This piece serves as a laudation of the fine work Shonda Rhimes does for women of color in media. These words, in part, are a response to Alessandra Stanley’s shallow account of Shonda Rhimes’s credibility as media powerhouse.
When Shonda Rhimes writes her autobiography, it should be titled in a manner that congeals her long lasting impact on pop culture.
A 19-year television veteran, Rhimes serves as creator, screenwriter, showrunner, and executive producer of the wildly popular Grey’s Anatomy and Scandal. Her latest production, How to Get Away With Murder, stars Oscar nominee Viola Davis, and premiers this Thursday on ABC.
ShondaLand is in full force and effect, with three consecutive shows broadcasting on primetime. Rhimes dominates ABC’s Thursday night lineup; a remarkable feat, especially given her bold inclusion of women of color as leading ladies.
On Grey’s Anatomy, Chandra Wilson plays Miranda Bailey, an attending physician who’s in charge of five seemingly sex-crazed interns. An authoritarian, her crass attitude is, at times, a point of friction, and leads to chilling nickname “The Nazi.” Throughout the series, Dr. Bailey’s underlying warmth and compassion are developed as a caregiver, both to her son and her patients. Wilson continuously receives widespread acclaim for her portrayal of the stern doctor, with numerous television critics praising her emotional range and character development.
Following the immense and overnight success of Grey’s, Rhimes was tapped to create a show to fill ABC’s midseason void. Thus, Scandal, was created. The political thriller stars Kerry Washington as Olivia Pope, a fearless lawyer and communications expert, who runs the crisis management firm Olivia Pope & Associates. As one of the most sought after crisis managers in the world, Olivia must balance her auspicious career with a messy affair with the President of the United States.
A sleeper hit, Scandal, is one of the highest rated shows, attracting over 10 million viewers, and sparking enthusiasm on social media, and an affordable fashion line inspired by Pope.
The stakes are high for Viola Davis and her role as Annalise Keating. She plays a seductively manipulative criminal law professor. Given Davis’ celebrated talent, we can expect a powerful performance marked by sharp delivery and compelling presence.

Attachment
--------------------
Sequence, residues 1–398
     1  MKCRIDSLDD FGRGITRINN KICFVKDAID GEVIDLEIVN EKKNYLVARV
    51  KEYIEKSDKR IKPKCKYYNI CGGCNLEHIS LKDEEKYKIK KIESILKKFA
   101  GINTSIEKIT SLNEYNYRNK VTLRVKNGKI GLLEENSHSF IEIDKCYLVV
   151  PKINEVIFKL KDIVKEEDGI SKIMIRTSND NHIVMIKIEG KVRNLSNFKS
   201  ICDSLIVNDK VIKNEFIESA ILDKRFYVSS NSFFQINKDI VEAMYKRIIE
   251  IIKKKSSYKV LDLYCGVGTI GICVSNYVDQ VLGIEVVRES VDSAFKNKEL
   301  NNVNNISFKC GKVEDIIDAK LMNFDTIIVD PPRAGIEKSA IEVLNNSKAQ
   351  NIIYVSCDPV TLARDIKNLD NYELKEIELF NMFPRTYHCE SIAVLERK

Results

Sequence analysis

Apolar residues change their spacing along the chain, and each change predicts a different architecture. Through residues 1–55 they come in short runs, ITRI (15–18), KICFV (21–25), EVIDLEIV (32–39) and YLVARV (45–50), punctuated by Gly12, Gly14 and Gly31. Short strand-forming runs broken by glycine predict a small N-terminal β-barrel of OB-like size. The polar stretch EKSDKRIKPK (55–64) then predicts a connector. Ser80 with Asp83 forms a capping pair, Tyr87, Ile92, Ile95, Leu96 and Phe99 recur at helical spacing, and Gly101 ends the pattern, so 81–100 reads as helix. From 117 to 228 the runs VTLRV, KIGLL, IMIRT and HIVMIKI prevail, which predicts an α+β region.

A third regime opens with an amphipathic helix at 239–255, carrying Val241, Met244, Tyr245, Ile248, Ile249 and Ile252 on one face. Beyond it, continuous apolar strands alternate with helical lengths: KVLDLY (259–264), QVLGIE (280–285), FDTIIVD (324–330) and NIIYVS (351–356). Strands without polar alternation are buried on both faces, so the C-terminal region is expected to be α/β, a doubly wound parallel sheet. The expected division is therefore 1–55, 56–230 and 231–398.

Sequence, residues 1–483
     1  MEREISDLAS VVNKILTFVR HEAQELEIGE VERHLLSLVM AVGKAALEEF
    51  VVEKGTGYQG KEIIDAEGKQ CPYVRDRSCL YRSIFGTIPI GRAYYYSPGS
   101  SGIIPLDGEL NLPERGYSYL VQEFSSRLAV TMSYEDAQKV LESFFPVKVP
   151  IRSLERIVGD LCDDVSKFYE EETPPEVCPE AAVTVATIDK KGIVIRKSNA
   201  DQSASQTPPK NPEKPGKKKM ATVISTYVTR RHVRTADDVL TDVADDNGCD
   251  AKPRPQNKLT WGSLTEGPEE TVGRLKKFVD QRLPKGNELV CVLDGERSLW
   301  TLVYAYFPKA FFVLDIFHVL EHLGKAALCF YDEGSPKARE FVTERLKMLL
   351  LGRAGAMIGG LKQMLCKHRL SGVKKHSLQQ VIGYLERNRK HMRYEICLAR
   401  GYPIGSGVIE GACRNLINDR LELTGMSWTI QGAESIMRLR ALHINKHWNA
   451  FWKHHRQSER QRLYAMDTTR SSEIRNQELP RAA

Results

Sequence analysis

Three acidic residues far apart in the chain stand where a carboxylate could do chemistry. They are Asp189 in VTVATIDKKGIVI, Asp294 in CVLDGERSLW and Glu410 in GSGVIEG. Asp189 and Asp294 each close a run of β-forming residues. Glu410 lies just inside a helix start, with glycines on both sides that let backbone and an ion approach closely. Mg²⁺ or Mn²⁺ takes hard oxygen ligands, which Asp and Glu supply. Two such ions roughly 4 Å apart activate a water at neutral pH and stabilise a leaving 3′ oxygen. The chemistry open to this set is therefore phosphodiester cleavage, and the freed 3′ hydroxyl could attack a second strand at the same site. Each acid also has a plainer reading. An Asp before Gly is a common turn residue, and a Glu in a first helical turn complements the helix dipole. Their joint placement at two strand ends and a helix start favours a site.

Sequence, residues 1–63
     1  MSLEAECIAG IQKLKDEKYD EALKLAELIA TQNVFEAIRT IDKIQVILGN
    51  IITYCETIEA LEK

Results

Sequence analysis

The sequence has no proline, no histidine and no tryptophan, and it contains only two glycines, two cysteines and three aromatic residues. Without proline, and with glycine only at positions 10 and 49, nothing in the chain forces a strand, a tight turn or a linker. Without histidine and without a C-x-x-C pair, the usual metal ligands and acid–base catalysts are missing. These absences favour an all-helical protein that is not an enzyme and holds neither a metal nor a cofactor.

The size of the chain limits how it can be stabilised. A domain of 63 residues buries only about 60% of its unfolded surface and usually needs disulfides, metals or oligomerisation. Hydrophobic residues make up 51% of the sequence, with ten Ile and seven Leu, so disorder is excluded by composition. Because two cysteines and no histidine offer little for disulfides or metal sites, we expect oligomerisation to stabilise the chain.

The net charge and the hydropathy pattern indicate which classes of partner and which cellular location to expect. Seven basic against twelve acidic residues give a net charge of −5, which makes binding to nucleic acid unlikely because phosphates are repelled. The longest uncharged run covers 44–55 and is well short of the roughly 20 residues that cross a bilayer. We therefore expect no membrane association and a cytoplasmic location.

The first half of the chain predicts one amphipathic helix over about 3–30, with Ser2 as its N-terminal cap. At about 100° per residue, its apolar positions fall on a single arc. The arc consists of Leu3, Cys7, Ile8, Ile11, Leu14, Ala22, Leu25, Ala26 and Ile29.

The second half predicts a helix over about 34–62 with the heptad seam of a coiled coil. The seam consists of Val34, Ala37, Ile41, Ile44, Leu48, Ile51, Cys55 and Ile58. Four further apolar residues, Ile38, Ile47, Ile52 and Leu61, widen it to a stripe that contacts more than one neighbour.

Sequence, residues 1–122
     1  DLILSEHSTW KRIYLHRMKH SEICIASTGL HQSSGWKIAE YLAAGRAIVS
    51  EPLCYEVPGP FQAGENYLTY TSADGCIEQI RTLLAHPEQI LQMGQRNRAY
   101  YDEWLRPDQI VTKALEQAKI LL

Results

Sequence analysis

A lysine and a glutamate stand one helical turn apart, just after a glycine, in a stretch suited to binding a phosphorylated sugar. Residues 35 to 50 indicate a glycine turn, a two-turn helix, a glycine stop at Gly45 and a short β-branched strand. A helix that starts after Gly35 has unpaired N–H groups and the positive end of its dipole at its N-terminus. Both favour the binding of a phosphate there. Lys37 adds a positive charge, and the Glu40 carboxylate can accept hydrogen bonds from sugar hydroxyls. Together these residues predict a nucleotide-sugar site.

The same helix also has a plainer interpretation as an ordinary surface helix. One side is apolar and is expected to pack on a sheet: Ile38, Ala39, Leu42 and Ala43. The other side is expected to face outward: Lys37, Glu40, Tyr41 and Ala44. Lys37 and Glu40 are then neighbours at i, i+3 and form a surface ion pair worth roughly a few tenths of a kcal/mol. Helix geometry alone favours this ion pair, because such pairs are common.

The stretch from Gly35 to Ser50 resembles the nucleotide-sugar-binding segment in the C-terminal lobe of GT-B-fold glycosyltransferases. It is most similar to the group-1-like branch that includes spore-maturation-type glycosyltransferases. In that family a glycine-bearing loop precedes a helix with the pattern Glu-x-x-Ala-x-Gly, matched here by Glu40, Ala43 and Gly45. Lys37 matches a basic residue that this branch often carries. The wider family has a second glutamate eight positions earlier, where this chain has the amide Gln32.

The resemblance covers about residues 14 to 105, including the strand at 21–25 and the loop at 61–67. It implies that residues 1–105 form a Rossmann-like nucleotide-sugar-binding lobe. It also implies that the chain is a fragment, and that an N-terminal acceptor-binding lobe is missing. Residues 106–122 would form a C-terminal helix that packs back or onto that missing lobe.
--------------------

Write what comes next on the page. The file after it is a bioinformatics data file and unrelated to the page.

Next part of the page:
Rhimes is a monumental force for Black women in television. Unlike other shows that tokenize us and perpetuate tropes about women of color, Rhimes creates potent Black female characters who define the essence of versatility. Her characters, irrespective of race, class, or gender, are all three-dimensional. They register a jarring range of emotion and credo, which blurs the demarcation between good and evil.
But in terms of race, Rhimes succeeds in her ability to coax it, not confront it. Very rarely does Rhimes take race head on; instead its interwoven in and around veiled language, reflective of the politically correct society we live in today.
We saw it in Scandal, season 3, when the brutal and enigmatic Papa Pope, delivered a gut-wrenching monologue to Olivia about being twice as good to be half as great; a sentiment my own father expressed to me when I was in high school.
And we also saw Papa Pope allude to race and white privilege in a robust tongue-lashing directed at President Grant. I urge, no, implore you to watch below. The context: As Papa Pope sits tied to a chair captured, demoralized, and embittered, Grant taunts him with disrespectful sexual innuendo about his daughter, Olivia. But Pope responds thusly.
Rhimes plays racialized interactions that a multitude of minorities (particularly, women) find themselves in. Her ability to center entire universes around Black woman-ness, without desperation or arrogance, is what makes her shows so captivating. Where many have failed, Rhimes fostered a dedicated Black following, without compromising any of the principles that make Blackness so fluid.
Shonda created characters outside of her own perceived image. She does not justify Black woman-ness with the same, tired storylines we’ve seen time and time again; the sassy Black friend, the mammy, or the maid. Instead, she creates and cultivates diverse and dynamic Black women, full of rich histories, heavy contexts, emotional range, and personal development. Her Black female characters are not specters or spectacles, they’re tangible, concrete, and relatable.
As more Black women achieve professional success, our mainstream representation needs to reflect our reality; we’re employed, educated, and in control of our sexual appetites.
Shonda Rhimes reminds us that we are dimensional, astute, stylish beings in ways similar to Phylicia Rashad’s work with the seminal Claire Huxtable. Claire, who’s the very definition of a culturally strong Black women, was the bilingual mother of five, who balanced her household with a high-powered legal career. Stylish and sensual, she was unafraid to take down and call out racism and sexism. We all remember this fierce clip.
Similar to The Cosby Show, Rhimes’ appeal to diverse audiences resides in her ability to cloak racialism with wit, thrill, and drama. Race isn’t given a front row seat or a standing ovation; but it is a supporting character with significance.
Shonda Rhimes exposes the secrets of Black woman-ness; about how diverse, fluid, and versatile we are. She explores the nature of Black female identity; the numerous hats we wear, our unique politic, our sensibilities, and our vulnerabilities. Rhimes allowed us an accurate voice in pop culture dialogue; a depiction that disavows the prevailing misrepresentation of us as one-dimensional angry Black women.